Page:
Java Platform, Standard Edition Troubleshooting Guide
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2.6 The jcmd Utility

The jcmd utility is used to send diagnostic command requests to the JVM, where these requests are useful for controlling Java Flight Recordings, troubleshoot, and diagnose JVM and Java Applications. It must be used on the same machine where the JVM is running, and have the same effective user and group identifiers that were used to launch the JVM.

For more details on jcmd syntax and other usage details, see the jcmd command man page.

A special command jcmd <process id/main class> PerfCounter.print prints all performance counters in the process.

The command jcmd <process id/main class> <command> [options] sends the actual command to the JVM.

Example 2-1 shows diagnostic command requests to JVM using jcmd utility.

The following sections describe some useful commands and troubleshooting techniques with jcmd utility.

2.6.1 Useful Commands for jcmd Utility

The available diagnostic command may be different in different versions of HotSpot VM; therefore, using jcmd <process id/main class> help is the best way to see all available options. The following are some of the most useful commands that were in the tool since JDK 8. Remember you can always use jcmd <process id/main class> help <command> to get any additional options to these commands.

  • Print full HotSpot and JDK version ID

    jcmd <process id/main class> VM.version

  • Print all the system properties set for a VM

    There can be several hundred lines of information displayed.

    jcmd <process id/main class> VM.system_properties

  • Print all the flags used for a VM

    Even if you have provided no flags, some of the default values will be printed, for example initial and maximum heap size.

    jcmd <process id/main class> VM.flags

  • Print the uptime in seconds

    jcmd <process id/main class> VM.uptime

  • Create a class histogram

    The results can be rather verbose, so you can redirect the output to a file. Both internal and application specific classes are included in the list. Classes taking the most memory are listed at the top, and classes are listed in a descending order.

    jcmd <process id/main class> GC.class_histogram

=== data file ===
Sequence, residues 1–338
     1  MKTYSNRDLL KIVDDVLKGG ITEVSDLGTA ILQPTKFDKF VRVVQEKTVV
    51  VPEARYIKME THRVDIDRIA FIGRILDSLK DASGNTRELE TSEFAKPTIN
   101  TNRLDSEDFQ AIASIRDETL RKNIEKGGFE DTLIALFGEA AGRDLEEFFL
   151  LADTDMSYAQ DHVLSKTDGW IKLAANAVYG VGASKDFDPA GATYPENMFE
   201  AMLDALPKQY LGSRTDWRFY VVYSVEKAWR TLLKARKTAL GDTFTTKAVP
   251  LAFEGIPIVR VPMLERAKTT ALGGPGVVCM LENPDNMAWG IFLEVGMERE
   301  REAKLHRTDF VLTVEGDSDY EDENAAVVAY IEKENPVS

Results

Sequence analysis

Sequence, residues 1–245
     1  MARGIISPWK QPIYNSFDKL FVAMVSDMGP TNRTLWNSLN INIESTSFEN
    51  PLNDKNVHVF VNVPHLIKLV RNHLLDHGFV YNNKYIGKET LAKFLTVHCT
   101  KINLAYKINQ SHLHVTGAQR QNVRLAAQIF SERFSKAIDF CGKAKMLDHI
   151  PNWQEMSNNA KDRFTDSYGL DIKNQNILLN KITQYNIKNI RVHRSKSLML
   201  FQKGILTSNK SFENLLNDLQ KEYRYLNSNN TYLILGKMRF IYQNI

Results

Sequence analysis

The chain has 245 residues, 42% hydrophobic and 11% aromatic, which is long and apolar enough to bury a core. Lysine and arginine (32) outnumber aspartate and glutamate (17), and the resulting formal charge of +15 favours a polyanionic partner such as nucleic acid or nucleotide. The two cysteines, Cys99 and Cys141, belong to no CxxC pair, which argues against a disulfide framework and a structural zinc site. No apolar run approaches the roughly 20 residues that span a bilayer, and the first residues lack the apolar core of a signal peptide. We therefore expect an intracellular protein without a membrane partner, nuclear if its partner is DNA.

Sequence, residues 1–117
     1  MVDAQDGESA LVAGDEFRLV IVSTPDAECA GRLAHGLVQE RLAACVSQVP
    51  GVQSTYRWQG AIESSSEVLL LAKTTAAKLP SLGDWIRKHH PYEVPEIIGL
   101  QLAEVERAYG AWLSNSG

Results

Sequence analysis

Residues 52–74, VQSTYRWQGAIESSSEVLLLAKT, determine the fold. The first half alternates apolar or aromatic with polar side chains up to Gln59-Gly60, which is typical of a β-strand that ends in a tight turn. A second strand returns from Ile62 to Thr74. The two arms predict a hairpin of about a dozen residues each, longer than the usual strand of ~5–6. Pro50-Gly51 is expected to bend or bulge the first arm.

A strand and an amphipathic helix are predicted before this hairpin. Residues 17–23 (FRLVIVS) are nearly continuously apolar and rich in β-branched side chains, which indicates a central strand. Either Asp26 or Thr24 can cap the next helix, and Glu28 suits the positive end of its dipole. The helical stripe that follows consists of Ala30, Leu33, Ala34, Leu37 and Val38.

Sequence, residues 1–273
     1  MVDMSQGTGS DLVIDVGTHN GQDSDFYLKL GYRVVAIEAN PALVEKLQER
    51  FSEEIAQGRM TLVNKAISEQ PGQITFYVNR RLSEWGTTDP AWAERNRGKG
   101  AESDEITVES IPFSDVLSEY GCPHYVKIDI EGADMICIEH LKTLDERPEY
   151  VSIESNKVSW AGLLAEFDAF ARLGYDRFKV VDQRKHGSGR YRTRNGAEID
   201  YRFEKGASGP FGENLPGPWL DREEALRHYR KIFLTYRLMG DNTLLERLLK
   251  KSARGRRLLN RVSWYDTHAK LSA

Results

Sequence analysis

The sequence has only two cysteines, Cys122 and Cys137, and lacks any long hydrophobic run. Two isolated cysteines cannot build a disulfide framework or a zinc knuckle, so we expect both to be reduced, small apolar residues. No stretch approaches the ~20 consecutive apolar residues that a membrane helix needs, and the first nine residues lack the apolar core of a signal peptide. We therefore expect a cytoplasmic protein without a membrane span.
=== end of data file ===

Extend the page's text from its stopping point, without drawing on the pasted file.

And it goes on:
• Create a heap dump (hprof dump)

    jcmd GC.heap_dump filename=Myheapdump

    This is the same as using jmap -dump:file=<file> <pid>, but jcmd is the recommended tool to use.

  • Create a heap histogram

    jcmd <process id/main class> GC.class_histogram filename=Myheaphistogram

    This is the same as using jmap -histo <pid>, but jcmd is the recommended tool to use.

  • Print all threads with stack traces

    jcmd <process id/main class> Thread.print

2.6.2 Troubleshoot with jcmd Utility

The jcmd utility provides the following troubleshooting options:

  • Start a recording

    For example, to start a 2-minute recording on the running Java process with the identifier 7060 and save it to myrecording.jfr in the current directory, use the following:

    jcmd 7060 JFR.start name=MyRecording settings=profile delay=20s duration=2m filename=C:\TEMP\myrecording.jfr

  • Check a recording

    The JFR.check diagnostic command checks a running recording. For example:

    jcmd 7060 JFR.check

  • Stop a recording

    The JFR.stop diagnostic command stops a running recording and has the option to discard the recording data. For example:

    jcmd 7060 JFR.stop

  • Dump a recording

    The JFR.dump diagnostic command stops a running recording and has the option to dump recordings to a file. For example:

    jcmd 7060 JFR.dump name=MyRecording filename=C:\TEMP\myrecording.jfr

  • Create a heap dump

    The preferred way to create a heap dump is

    jcmd <pid> GC.heap_dump filename=Myheapdump

  • Create a heap histogram

    The preferred way to create a heap histogram is

    jcmd <pid> GC.class_histogram filename=Myheaphistogram

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